One thing we are always complimented on with our work is…. Our ability to motivate people in the workplace. In 95% of cases engaging employees is easy for our team and we usually follow up with some great results…. Led by the people.
So what is it that makes our approach so unique?
Before you read on ask yourself these two questions:
[Pause] Think about it. You clicked for a reason?
2. And more importantly......WHY did you click?
[Pause] WHY? What’s in it for you?
Are you a manager that genuinely cares about his team and wants them to reach their full potential? Do you enjoy learning and have a thirst for knowledge? Are you looking to improve the efficiency of your staff to provide yourself with a higher financial reward? Are you feeling de-motivated by poor relationships and conflicts in the workplace?
It may be that you answered yes to all of these questions, one of these questions or maybe none of the above. Why? WE ARE ALL DIFFERENT. Not just in a physical sense but mentally, emotionally and spiritually. Before I go on to explain these differences, do me a big favour, read this blog for YOU. Think about how YOU are different. You may have clicked on here to find out what motivates other people (and we will cover that) but if you don’t understand what motivates YOU, how can you learn to understand motivate others?
Ok, so we’re talking about you now. What motivates you? What makes you different? You’re made of the same stuff and living on the same planet as the rest of us but there is one thing that makes YOU unique. The way you think. Your thoughts control how you interpret the world, what you say and how you behave, so in theory, you are what you think. Your thought patterns are totally unique and due to the billions of neurons in your brain, only demonstrated by you. You think completely differently to everyone else on the planet and the four main reasons for this are:
1. Your background, upbringing and past relationships
2. Your past experiences
3. The company you keep today and the people you spend time around
4. The media, TV, web and books
These four factors have influenced your thoughts for all these years and have made you what you are today. These influences may have had a positive or negative impact on your decision making and you may believe certain things to be true based on someone else telling you so, therefore you may not have experienced something but you still think and believe it to be true. This is how you perceive the world and how you make your day to day decisions in life and at work, by your thoughts.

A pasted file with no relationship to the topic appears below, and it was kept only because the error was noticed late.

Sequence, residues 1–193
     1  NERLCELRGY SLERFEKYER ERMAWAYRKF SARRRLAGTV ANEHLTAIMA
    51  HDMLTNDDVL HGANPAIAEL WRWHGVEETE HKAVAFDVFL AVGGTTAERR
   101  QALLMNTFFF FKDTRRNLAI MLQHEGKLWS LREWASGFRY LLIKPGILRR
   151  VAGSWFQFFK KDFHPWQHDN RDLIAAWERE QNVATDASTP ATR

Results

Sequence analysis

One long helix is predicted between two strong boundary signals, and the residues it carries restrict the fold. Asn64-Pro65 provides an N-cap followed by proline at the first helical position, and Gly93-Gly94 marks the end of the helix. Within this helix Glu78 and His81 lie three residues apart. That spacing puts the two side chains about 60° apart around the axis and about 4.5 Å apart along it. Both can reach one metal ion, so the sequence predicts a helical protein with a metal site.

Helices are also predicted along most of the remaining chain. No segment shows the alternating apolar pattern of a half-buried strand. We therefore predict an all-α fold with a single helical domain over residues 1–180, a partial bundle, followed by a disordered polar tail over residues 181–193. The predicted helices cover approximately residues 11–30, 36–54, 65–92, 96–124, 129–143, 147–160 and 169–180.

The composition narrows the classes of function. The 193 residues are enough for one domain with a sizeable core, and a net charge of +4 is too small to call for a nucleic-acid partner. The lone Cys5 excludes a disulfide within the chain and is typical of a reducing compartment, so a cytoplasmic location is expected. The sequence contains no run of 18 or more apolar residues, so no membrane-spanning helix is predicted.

Why am I telling you all this about your mind and how you think? To give you a deeper understanding of ‘how we are different’ and ‘how we are motivated’, as these are built on different foundations for each person. This multiplied by your current personal circumstances and your perception of the work environment makes the possible motivational factors for each person almost infinite. Not the answer you were looking for? Sorry, but I can give you some guidelines that may help. Here goes:
1. Understand you. Before you start to engage with others in finding out what motivates them, start with you. What motivates you? Not sure? Get yourself a trusted advisor or coach and find out. You need to build your own emotional intelligence before you start to tackle others. Display the behaviours you want to see in others first, you will be amazed how much of a difference this will make.
2. Ask them. Sounds a bit too simple, but ‘keep it simple’ is often the best route for me. Depending on the size of your business you may be able to sit on a one to one and ask your team individually or for larger businesses an Employee Survey may be more time efficient. Not everyone likes to put a survey out there and be exposed but we need to find out where we are now if we want to improve employee engagement.
3. Become a coach. If you want to truly motivate your team you need to become a coach. Think about the people that are highly motivated, political leaders, athletes, serial entrepreneurs, they all have coaches. Learn to actively listen and understand your team.
4. Treat people as individuals. Build relationships with your team, have regular appraisals. Know what each person want from their job and from you. Don’t expect all the change to be about them. You may need to change yourself to see more productive behaviour in others.
5. Provide the resources. Einstein’s definition of madness; doing the same thing over and over and expecting different results. If we are looking for people to change we will need to provide the resources for them to do so, such as, training, time and materials.
6. Allow mistakes. Difficult I know but you need to allow people to fail. We gain our best pieces of learning from mistakes. We need to be there to support people when things go wrong and offer support (not constant criticism or displays of public humiliation). Creating a culture built around learning will remove/reduce people’s fear of failure.
7. Build on values. Decide the behaviours that are most productive for your team and have them recognised as your core values. These will need to be discussed and agreed over time. As you grow your team new members will be well aware of expectations and will adapt in a positive way.
I hope you find these tips useful. Remember we are all different and are motivated in different ways. We are all looking for meaning, striving to be part of something and using the tools we have to do the best we can. I truly believe that the majority of people act in (what they perceive to be) a positive way to achieve results and want to feel motivated. It is down to people like me and you to do our bit to help people reach their full potential.
Please feel free to comment or ask further questions.